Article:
Beacon Street Diary blog
A Day of Thanksgiving
The story of Thanksgiving gets a lot of play in New England in general and the Congregational Library in particular, especially this year as we commemorate the 400th anniversary of the Mayflower’s landing. Rather than re-examine that story--we have scholars and A Charlie Brown Thanksgiving for that--I have taken the time to consider the library and archives related things I am particularly grateful for this year, and polled other members of the library’s staff for theirs.
I spend a not insignificant amount of time shaking a fist at librarians past, usually when I stumble across a cataloging choice I cannot fathom the reasoning behind, as I’m sure librarians of the future will be shaking their angry bionic fists at me. But I do want to take the time to appreciate the good work done by everyone who came before me which makes my job easier all the time, sometimes in quite unexpected ways. A few years ago, I was working the reference desk when a disheveled-looking patron arrived less than an hour before we were about to close. He was in town from Korea doing research at another library when they told him the CLA had in our collection the signature of evangelist Dwight L. Moody and he rushed over hoping to catch us before we closed. He was leaving the next day.
I’ll be honest: I wasn’t excited about this request. It was close enough to the end of the day that it was almost too late to pull new material, and usually, searching for one signature in a collection is like looking for a needle in a haystack. I hate delivering bad news, so I agreed to take a look, and I have the work of previous CLA staff members to thank for what happened next. Dwight Moody was a member of the Mount Vernon Congregational church and was included in the list of subject headings in the finding aid and catalog record. Not only that, but some helpful previous staff member had indicated on the finding aid not only in which record book Moody’s signature could be found, but also on which page. This allowed me to find and pull the book so the patron could take a picture in record time. He was so thrilled he cried, and later, sent me the article he wrote about it. Without the work of previous archivists, this wouldn’t have been possible. I have them to thank for a well-processed collection, the foresight it requires to anticipate what pieces are going to appeal to researchers, and the wherewithal to write it down to make their successor’s lives easier. Plus, without this I wouldn’t have gotten the satisfaction of making one of our patrons cry from happiness.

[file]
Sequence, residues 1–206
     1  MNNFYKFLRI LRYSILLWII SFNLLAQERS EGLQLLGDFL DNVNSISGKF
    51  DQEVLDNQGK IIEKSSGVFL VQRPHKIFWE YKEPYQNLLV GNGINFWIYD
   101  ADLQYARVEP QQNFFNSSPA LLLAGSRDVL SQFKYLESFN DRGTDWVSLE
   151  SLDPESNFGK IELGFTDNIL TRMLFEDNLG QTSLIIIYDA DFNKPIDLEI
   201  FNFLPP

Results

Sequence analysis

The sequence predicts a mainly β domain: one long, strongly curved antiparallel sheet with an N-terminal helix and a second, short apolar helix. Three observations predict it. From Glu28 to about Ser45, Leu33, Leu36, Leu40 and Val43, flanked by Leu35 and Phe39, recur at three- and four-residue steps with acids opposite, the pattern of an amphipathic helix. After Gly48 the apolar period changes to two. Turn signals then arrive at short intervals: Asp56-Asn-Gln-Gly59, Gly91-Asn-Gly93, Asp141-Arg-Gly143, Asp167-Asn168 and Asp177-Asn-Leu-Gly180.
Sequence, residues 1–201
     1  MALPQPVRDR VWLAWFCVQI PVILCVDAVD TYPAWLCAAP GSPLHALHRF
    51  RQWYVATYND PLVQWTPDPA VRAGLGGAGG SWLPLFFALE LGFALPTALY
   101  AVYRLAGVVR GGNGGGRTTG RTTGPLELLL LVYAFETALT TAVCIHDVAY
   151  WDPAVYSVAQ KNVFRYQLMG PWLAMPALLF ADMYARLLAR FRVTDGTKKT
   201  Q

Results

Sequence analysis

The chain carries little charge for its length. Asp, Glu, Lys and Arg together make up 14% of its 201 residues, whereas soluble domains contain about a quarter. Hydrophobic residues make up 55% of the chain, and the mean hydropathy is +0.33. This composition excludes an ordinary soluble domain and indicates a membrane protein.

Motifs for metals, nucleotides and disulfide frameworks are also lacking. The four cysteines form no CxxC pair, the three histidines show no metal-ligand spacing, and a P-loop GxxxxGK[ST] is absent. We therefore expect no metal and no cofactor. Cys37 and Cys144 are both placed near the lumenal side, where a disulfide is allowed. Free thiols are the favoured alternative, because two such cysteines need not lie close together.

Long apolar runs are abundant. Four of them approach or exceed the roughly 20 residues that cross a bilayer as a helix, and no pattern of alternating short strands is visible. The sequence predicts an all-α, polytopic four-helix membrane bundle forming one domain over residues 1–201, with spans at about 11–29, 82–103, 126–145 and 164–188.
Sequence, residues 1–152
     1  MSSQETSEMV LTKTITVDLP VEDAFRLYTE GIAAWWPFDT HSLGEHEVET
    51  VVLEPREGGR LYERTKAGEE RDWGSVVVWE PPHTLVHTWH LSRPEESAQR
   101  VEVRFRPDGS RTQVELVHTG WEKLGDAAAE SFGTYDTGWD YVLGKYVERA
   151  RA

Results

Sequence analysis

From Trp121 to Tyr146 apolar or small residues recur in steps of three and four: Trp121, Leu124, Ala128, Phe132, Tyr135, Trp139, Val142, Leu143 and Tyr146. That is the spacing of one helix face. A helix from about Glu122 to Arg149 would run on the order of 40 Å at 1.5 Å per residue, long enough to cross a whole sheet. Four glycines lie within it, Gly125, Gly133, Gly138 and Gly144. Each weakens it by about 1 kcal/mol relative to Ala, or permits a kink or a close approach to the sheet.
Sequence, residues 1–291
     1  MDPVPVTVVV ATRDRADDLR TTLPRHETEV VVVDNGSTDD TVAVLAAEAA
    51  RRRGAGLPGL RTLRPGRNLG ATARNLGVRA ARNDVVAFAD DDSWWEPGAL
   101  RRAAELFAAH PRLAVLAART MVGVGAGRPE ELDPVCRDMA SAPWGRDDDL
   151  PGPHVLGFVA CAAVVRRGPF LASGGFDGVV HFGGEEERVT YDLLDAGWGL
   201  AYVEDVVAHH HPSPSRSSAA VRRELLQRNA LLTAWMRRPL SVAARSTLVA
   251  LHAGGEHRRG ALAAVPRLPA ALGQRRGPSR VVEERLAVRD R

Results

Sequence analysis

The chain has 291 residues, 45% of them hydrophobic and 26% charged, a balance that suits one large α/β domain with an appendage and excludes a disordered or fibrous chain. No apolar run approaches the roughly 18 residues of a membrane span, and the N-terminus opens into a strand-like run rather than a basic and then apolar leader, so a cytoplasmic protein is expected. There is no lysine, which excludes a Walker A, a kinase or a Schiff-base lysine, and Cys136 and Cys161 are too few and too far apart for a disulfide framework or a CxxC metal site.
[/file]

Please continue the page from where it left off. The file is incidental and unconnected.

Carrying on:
There’s a lot to be grateful for at the Congregational Library and in the GLAM (galleries, libraries, archives and museums) field generally. Here’s what other members of the staff had to say:
- A good spatula. This invaluable tool makes removing all those rusty staples and crusty rubber bands if not ‘a breeze’ then at least less of a chore.
- The knowledge that we’re providing a useful service in taking a church’s records and that we’re able to validate for them that the work they’ve done is important and worth preserving.
- The existence of archives as a bastion of evidentiary source material in the face of misinformation, fake news, propaganda, and nationalist myth-making.
- The ability to make records accessible online! The opportunities the internet provides for democratization of access and breaking down geographical boundaries.
- that archivists and librarians seem to be some of the best work colleagues imaginable (even if we do say so ourselves!)